There may not be many short-term benefits on the table when the Detroit Lions and New Orleans Saints meet Monday night, but consequences remain - largely as to how their rosters and coaching staffs will shake out in 2016.
The last-place teams meet in a prime-time game devoid of playoff implications in New Orleans.
Last week's 21-14 loss at St. Louis officially ousted Detroit (4-9) from postseason contention. With general manager Martin Mayhew having already been shown the door in early November, coach Jim Caldwell's seat gets warmer with every loss.
The Lions need to run the table to avoid an 11th season since 2001 with six wins or fewer.
''They're still keeping score in this game and we have guys that are professionals,'' Caldwell said. ''With the right kind of people that know how to approach the game, you'll see them come out and fight with the same kind of energy that they always do.''
The Lions opened 0-5, the same number of losses they held as a wild-card team a year ago. The energy from a brief resurgence was sapped with a stunner against Green Bay on Aaron Rodgers' Hail Mary on Dec. 3 and the loss to the Rams, which dropped Detroit to 1-5 on the road.
Caldwell's team should at least have a decent chance to end on a high note, however, with its final three games against sub-.500 New Orleans, San Francisco and Chicago.
Matthew Stafford has thrown nine touchdowns - four to Calvin Johnson - and just one interception over his past three games, and there should be ample opportunity to beef up those numbers against the Saints (5-8).
Opposing offenses have diced New Orleans for 3,624 passing yards and a league-high 36 touchdowns. Opposing quarterbacks hold a 114.2 passer rating against the Saints while throwing just six interceptions.
Stafford has thrown eight picks and six TDs while losing three of four games against New Orleans, including a wild-card contest in 2012. But he rallied the Lions from 13 down with less than four minutes left last season at Ford Field in a 24-23 win.
New Orleans allowed just 176 yards and one score through the air last week when it snapped a four-game losing streak with a 24-17 victory at Tampa Bay.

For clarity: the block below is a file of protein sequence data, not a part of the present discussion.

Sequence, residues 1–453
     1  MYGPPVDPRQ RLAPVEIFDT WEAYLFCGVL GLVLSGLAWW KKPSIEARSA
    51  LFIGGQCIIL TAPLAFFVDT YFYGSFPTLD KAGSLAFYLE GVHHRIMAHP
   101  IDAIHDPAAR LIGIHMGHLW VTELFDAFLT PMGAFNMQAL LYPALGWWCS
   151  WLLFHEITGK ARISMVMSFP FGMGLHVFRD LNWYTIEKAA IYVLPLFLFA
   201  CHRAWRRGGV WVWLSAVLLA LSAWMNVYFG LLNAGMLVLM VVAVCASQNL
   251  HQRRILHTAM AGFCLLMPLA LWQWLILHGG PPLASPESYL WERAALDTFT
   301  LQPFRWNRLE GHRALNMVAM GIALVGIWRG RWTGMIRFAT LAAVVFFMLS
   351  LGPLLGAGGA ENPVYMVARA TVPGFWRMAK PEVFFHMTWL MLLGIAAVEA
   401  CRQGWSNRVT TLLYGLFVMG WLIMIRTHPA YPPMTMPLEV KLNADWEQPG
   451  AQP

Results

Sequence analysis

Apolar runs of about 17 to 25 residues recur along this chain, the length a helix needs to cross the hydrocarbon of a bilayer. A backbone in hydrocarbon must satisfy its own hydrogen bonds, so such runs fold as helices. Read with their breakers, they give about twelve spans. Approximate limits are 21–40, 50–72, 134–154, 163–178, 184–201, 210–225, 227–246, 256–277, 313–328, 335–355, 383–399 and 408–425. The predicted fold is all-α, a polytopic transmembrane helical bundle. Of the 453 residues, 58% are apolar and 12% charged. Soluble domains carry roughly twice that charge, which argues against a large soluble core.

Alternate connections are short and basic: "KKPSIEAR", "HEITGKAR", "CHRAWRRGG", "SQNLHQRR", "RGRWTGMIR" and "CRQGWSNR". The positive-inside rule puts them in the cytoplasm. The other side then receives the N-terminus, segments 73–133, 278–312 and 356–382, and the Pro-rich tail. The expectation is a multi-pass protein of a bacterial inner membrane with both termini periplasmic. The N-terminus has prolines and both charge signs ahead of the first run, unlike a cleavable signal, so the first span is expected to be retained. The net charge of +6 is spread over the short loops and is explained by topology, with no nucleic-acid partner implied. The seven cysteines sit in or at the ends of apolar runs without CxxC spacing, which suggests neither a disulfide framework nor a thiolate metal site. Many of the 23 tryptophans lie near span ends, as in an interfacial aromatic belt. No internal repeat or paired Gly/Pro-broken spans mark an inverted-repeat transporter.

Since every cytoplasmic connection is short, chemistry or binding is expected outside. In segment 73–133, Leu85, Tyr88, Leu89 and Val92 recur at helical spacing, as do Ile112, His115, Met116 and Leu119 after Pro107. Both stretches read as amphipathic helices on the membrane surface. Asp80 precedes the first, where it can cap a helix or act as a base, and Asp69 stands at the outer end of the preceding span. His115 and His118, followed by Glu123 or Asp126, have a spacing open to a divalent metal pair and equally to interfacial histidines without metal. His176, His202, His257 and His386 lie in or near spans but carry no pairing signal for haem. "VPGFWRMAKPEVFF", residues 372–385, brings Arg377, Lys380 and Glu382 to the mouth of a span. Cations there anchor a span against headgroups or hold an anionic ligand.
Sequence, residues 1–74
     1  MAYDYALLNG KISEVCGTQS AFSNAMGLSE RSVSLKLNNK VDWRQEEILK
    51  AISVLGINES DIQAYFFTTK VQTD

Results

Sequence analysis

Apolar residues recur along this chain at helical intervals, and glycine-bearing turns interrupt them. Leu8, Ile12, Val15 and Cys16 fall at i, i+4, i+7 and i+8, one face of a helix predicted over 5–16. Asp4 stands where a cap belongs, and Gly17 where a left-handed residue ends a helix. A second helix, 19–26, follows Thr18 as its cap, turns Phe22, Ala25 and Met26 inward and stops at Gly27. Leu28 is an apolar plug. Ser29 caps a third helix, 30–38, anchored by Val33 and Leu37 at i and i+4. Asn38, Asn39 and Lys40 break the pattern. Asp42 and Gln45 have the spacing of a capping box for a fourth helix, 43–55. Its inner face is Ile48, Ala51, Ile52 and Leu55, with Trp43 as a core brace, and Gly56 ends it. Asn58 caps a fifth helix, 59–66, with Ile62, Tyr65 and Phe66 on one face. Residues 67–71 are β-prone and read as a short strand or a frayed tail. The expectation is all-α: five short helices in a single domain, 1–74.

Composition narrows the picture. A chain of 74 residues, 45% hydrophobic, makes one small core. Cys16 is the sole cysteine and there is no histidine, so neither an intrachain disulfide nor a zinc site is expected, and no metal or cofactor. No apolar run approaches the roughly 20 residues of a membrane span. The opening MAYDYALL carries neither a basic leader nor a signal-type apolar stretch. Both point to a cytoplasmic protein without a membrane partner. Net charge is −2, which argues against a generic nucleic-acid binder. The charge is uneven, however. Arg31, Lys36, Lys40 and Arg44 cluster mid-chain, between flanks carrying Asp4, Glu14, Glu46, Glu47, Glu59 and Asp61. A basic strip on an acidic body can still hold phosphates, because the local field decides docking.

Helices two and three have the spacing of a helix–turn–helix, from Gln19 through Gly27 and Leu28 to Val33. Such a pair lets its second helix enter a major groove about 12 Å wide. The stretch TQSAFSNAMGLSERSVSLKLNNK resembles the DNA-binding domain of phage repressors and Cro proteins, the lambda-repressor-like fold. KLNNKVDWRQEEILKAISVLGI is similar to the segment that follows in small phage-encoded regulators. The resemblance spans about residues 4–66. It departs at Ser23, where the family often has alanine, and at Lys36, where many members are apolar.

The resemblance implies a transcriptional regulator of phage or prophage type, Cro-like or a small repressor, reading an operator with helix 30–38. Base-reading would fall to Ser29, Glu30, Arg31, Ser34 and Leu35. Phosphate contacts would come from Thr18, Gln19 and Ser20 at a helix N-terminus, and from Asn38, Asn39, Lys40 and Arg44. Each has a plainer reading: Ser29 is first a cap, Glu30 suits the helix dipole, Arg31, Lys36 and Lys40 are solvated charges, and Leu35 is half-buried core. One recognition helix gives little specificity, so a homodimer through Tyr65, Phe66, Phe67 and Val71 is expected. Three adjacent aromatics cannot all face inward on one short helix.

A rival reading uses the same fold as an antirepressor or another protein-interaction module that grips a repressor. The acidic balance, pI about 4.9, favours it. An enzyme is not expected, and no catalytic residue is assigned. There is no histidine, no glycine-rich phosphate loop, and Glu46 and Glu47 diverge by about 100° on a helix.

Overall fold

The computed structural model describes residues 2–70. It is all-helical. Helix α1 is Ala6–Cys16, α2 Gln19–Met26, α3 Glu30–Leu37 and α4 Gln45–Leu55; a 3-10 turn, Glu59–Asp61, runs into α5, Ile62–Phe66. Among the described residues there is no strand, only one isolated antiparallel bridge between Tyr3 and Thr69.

The Saints surrendered just 291 total yards to the Buccaneers, another season low for an opponent, after allowing an average of 463.0 the previous four weeks.
In place of the injured Mark Ingram, Tim Hightower ran for 85 yards and a touchdown in his first start since 2011. Though he finished with just 36 receiving yards, Marques Colston grabbed two difficult touchdown passes - just his second and third of the season and first multi-TD game since Dec. 8, 2013.
After combining for 20 points in consecutive losses to close November, the Saints have scored 62 the last two weeks.
Hightower was out of the NFL for three years after complications from a serious knee injury, and he combined for just 12 carries and 48 yards in limited action this season before breaking out against Tampa Bay. The 29-year-old carried the ball 28 times, six more than Ingram's highest total before he landed on injured reserve last week with a shoulder injury.
Hightower may have more on the line down the stretch as he tries to prove he still has a place in the league, but his mind is focused solely on Detroit.
''To even think of it as a three-game season for me would be a disservice to my team,'' Hightower said. ''What I can control is how I prepare for this next game and when that time comes, do everything I can to give my team a chance to win. ... I'll let the other things sort out when they do.''
Detroit placed tight end Brandon Pettigrew on injured reserve this week after he tore his ACL against St. Louis. He finished with career lows in receptions (7) and receiving yards (67) in eight games.
That should mean more targets for Eric Ebron, who was the team's first-round pick last season.
"I get paid to pay these three games, and I'm going to go out there and try to earn every penny I get,'' Ebron said. ''Now we've got people out here playing to stay. Everybody has something to play for.''